Kristi: When Rhaenyra made her sons swear they wouldn’t fight when serving as her messengers, I had a sinking feeling one or both of them wouldn’t make it to season 2. Therefore, Lucerys’ death by the terrifying Vhagar wasn’t a total shock. But the dragon chase was scary and thrilling nonetheless. Though it doesn’t seem like Aemond intended for Vhagar to kill Lucerys, he had no qualms demanding his eye and then setting the events in motion that resulted in his death. Next season, it will be interesting to see if Aemond will deny murdering Luke or own the deed.


Hayden: It did feel like we were always going to get some kind of midair dragon fight this season, so it made sense that one of the climactic moments came down to that. It also was in keeping with the general brutality and bleakness of the plot that it would culminate with someone like Prince Lucerys dying. Exactly how Daemon knows that Lucerys is dead (and is able to inform Queen Rhaenyra about it) is kind of interesting. But the final image of the season — Queen Rhaenyra’s face — is a fitting finale. Not only because the sheer range of emotions she’s feeling in that moment are seemingly conveyed by a great performance from Emma D’Arcy, but also because Rhaenyra has (and will) drive the plot of the show. Her actions will determine the future of the realm. And based on just her facial expression, it seems like war is coming. 

Rami: The ending managed to be simultaneously surprising and yet completely expected, which is a needle that the earlier “Game of Thrones” seasons threaded so well. We knew that this season would lead to war, but the way in which we got there was truly surprising. Yes, Otto Hightower foreshadowed it, but did anyone really expect Aemond and Vhagar to be waiting at Storm’s End for Prince Lucerys? The final shot of Rhaenyra, heartbroken about the loss of her son and fiercely resolved to the coming war, was the show’s best moment. I’m excited to see where they take the series next, and if they’re willing to continue taking the bold risks that made “Game of Thrones” so popular.

Rhaenyra Targaryen and Otto Hightower come face to face. – “House of the Dragon” / HBO

Who is your favorite character on “House of the Dragon”?

Kevin: As was the case in early seasons of “Game of Thrones,” seemingly every character whose actions were governed by decency and a kind heart has kicked the bucket. My favorite minor character, Lord Lyonel Strong, was burned alive on the orders of his traitorous son, Larys. King Viserys Targaryen, meanwhile, lived a long life, but his peaceful nature and congenial demeanor were repeatedly tested by power-hungry bureaucrats. I loved Ned Stark in Season 1 of “Game of Thornes,” so I should’ve known better. But I couldn’t resist the charms of Viserys the Peaceful, who always did what he felt was right, even if it cost him friends and allies.


Kristi: My favorite character is Rhaenys Targaryen, the Queen Who Never Was, the eldest Targaryen in the line of succession that was passed over for her brother Viserys. The wise princess tells Rhaenyra: “Men would sooner put the realm to the torch than see a woman ascend the Iron Throne.” To the queen, she dares to say, “You toil still in service to men. You desire not to be free but to make a window in the wall of your prison.” And she is absolutely bad ass when she busts into Aegon’s coronation on her dragon Meleys and threatens to barbecue the Greens (who else wanted her to whisper “dracarys”?) before showing mercy and taking flight. Meleys is nicknamed The Red Queen. How appropriate.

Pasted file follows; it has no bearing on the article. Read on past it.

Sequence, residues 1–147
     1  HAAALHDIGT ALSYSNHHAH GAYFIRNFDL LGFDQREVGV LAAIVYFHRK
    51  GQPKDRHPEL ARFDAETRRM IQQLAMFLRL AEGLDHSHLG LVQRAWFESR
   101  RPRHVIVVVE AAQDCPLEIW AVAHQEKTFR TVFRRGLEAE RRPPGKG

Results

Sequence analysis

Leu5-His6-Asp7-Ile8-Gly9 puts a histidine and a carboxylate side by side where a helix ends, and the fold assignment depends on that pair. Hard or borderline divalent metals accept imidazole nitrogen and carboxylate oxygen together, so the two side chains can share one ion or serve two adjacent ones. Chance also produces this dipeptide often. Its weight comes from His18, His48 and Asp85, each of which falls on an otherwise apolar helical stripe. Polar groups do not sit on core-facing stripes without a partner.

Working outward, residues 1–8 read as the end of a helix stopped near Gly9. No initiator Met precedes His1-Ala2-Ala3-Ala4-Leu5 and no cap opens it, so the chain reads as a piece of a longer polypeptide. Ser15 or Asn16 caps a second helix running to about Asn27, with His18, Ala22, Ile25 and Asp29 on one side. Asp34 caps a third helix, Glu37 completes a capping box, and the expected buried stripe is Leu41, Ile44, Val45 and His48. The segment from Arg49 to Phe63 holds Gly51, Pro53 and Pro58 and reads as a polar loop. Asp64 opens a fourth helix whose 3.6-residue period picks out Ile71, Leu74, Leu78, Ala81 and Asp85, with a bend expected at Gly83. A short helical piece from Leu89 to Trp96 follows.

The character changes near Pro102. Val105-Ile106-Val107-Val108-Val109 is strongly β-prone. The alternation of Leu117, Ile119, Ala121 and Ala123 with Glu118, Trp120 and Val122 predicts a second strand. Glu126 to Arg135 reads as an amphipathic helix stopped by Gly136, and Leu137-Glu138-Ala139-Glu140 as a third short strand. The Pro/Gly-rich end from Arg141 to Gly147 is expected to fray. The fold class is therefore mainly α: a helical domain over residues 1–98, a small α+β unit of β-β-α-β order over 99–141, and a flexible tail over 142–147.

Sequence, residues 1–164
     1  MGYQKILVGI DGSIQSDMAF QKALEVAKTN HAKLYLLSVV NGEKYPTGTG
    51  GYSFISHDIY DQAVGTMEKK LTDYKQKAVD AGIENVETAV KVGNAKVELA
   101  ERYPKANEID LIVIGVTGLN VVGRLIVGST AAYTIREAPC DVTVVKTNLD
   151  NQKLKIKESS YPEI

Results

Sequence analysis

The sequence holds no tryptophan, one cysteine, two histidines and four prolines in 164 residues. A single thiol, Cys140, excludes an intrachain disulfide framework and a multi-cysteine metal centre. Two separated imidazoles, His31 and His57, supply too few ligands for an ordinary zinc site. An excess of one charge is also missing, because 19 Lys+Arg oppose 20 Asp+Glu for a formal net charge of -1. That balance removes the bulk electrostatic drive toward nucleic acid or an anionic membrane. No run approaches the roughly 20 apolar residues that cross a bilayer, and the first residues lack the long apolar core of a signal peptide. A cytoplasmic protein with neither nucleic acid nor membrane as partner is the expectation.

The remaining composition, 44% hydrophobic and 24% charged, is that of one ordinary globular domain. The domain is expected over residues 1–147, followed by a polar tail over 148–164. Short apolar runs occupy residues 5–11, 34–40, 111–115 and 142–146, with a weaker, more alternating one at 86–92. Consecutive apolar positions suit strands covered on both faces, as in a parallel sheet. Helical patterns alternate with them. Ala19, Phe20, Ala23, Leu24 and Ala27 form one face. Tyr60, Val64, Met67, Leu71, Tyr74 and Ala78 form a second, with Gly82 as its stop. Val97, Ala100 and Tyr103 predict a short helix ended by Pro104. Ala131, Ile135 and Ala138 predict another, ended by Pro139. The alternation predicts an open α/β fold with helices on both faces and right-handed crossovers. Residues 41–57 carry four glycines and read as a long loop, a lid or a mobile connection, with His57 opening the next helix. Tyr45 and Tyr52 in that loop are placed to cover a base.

Hayden: King Viserys Targaryen, but that feels a little emblematic of the show itself. Viserys, played wonderfully by Paddy Considine, is far from what I’d consider a “favorite” in a normal show’s universe. Yet in Dragon, he’s probably (barely) the winner here because despite committing numerous mistakes which could/will have untold consequences, Viserys genuinely seems to care about his family. He backs Rhaenyra as his heir just when it seems like she will be supplanted, and his epic final appearance at court was a last-ditch effort to, if nothing else, try to heal the divisions. For someone who never really seemed to want the job of king, he achieved the rare feat of maintaining some level of humanity until the end. (Also, shoutout Lord Lyman Beesbury for speaking truth to power, a brave act which cost him his life).


Rami: Daemon. Daemon Targaryen. Expertly portrayed by the brooding Matt Smith, Prince Daemon steals any scene that he’s in and it’s been a delight to watch Smtih command the screen with nothing more than a stare and body language. Daemon is self-serving and clearly takes the place of Jaime Lannister as the character you love to hate, but if Jamie gets a redemption arc then so should Daemon! While Daemon violently killed his first wife, brought a young Rhaenyra to a brothel, and dragged his older brother King Viserys into a war, he’s also proven to be fiercely loyal, incredibly cunning, and a skilled fighter. He’s a key cog to Rhaenyra’s hopeful ascent to the throne, and the Daemon vs. Aemond showdown that is surely coming next season will be a highlight.